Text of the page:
Here is the image with the second dust devil that has been imaged by Spirit.

It is to the upper left of image over the ridge on the plain. It kinda "leans" to the left as it sweeps along.

Phill
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spaceuk
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posted 03-12-2005 10:12 AM     Click Here to See the Profile for spaceuk     Edit/Delete Message   Reply w/Quote
Here's a better image of that 2nd dust devil.

Phill
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Philip
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posted 03-22-2005 03:01 AM     Click Here to See the Profile for Philip   Click Here to Email Philip     Edit/Delete Message   Reply w/Quote
After one year of operation, the Top 10 MER images is finally online.

spaceuk
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posted 03-29-2005 09:58 AM     Click Here to See the Profile for spaceuk     Edit/Delete Message   Reply w/Quote
Looking at some of the images coming down from Opportunity rover on Mars near the 'Vostok' crater I got to wondering about the near parallel ridges that dominate the scenes.

If - and only if - the ridges had been made by flowing water - like you see at the seaside on the sand after the sea has receded at low tide - could we deduce the height of water needed to make those ridges - taking account of the smaller gravitational attraction at Mars?

Any sedimentologists amongst us? Or oceanographers?

Phill
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LCDR Scott Schneeweis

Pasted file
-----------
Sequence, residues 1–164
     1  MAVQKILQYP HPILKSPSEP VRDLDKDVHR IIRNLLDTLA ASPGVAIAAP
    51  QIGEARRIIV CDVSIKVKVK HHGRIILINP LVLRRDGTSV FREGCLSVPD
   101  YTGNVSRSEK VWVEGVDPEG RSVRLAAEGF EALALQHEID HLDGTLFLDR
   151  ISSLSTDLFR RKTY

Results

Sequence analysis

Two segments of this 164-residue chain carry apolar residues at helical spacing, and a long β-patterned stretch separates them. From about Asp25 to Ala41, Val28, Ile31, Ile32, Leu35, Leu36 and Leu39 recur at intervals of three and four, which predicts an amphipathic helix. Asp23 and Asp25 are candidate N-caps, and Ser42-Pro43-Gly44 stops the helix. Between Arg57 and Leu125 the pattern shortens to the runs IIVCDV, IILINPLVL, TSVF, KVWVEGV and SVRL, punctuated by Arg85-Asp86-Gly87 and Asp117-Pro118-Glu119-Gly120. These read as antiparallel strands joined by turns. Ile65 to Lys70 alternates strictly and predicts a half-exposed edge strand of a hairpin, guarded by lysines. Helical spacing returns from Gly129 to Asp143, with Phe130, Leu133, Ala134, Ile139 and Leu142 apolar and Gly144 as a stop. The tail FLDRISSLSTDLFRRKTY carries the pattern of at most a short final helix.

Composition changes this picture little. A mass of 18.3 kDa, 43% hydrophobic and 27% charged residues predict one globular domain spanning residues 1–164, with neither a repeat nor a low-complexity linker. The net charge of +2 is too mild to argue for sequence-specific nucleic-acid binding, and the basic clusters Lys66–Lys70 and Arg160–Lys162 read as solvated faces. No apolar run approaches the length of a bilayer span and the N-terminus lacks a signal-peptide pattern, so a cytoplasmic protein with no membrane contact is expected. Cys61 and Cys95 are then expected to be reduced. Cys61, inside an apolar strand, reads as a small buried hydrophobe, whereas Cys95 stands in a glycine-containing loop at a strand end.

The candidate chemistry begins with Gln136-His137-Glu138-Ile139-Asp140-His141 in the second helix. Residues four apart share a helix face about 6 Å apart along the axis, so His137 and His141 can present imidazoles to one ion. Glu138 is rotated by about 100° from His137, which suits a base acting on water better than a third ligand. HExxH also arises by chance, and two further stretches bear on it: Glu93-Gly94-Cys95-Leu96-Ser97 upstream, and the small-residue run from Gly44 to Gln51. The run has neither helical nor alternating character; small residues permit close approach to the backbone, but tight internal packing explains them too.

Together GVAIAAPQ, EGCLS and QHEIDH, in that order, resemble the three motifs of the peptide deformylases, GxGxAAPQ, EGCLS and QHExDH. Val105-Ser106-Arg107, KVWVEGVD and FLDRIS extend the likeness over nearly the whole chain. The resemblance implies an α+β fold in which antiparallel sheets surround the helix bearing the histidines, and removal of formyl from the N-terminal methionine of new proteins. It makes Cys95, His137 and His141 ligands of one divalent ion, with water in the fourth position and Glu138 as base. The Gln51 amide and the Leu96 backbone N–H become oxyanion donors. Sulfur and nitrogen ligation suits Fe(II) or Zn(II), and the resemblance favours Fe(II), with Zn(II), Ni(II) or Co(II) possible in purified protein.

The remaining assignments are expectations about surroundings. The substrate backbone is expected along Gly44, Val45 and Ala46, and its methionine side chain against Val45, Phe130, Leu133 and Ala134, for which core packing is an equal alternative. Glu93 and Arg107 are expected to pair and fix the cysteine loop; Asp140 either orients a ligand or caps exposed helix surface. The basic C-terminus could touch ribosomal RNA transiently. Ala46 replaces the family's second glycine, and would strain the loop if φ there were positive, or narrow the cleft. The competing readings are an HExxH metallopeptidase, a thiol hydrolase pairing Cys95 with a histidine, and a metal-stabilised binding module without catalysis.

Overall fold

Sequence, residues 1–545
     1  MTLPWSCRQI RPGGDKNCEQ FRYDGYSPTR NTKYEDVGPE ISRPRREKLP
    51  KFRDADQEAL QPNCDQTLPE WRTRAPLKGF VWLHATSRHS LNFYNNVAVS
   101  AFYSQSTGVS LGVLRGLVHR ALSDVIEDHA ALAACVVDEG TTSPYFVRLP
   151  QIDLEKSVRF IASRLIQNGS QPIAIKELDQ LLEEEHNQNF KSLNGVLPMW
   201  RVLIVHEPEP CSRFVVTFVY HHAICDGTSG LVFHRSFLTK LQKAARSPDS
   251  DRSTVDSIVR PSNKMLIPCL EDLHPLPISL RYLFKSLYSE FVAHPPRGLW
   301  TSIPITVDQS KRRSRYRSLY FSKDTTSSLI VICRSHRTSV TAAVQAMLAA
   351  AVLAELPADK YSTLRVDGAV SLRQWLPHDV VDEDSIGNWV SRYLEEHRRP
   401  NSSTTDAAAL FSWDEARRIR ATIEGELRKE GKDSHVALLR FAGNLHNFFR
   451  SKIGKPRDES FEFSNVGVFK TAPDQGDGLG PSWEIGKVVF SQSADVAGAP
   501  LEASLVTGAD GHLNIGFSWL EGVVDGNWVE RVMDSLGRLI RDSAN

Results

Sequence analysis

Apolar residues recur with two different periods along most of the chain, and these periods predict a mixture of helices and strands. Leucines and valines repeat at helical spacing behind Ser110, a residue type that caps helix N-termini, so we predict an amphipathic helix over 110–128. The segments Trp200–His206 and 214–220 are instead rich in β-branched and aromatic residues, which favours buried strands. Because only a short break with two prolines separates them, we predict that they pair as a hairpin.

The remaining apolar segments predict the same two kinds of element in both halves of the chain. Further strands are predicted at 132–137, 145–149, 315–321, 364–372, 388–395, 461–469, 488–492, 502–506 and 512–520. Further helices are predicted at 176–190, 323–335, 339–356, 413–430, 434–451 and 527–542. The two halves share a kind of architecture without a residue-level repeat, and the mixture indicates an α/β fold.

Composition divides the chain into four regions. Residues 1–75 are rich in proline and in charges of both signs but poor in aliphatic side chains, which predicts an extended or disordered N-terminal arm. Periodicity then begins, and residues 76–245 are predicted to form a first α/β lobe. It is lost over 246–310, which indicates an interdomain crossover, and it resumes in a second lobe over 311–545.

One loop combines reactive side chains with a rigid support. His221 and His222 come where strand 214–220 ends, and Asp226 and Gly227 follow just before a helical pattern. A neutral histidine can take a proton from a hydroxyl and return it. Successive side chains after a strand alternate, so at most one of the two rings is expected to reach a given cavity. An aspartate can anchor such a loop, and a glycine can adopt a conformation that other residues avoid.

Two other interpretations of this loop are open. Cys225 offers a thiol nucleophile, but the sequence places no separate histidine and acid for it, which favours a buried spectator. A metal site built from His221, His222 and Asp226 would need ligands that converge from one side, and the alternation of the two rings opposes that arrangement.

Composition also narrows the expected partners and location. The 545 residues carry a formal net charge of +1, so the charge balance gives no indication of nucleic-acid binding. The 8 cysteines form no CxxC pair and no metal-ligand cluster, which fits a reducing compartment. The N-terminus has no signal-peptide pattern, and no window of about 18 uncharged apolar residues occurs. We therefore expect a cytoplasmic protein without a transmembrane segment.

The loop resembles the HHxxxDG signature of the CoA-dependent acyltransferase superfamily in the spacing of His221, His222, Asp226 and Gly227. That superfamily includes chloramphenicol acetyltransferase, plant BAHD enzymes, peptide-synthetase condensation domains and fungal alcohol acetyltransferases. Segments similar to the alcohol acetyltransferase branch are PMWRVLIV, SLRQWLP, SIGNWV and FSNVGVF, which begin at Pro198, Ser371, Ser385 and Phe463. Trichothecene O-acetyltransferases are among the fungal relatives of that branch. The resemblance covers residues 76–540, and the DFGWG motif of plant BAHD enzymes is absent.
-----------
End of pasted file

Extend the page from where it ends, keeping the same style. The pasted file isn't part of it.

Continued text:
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posted 03-29-2005 11:36 PM     Click Here to See the Profile for LCDR Scott Schneeweis   Click Here to Email LCDR Scott Schneeweis     Edit/Delete Message   Reply w/Quote
There are a number of hydrological processes independent of wave action which could account for such ridge development....for example, deposition of sedimentary material, as a result of being within proximity to an ancient estuary/drainage outlet(s).

However if it can be definitely established that wave action is the progenitor of the ridges it may be possible to extrapolate the geomorphilogical conditions which triggered them... wave period and wave height are tricky to deduce however because the formation of the ridges would have a counter-effect of altering the water column and wave heights (wave height is partially a function of bottom topology and depth - as the bottom is modified, interaction with the ridges changes the wave pattern, period and heights).

R/Scott

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Rodina
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posted 04-11-2005 07:09 PM     Click Here to See the Profile for Rodina   Click Here to Email Rodina     Edit/Delete Message   Reply w/Quote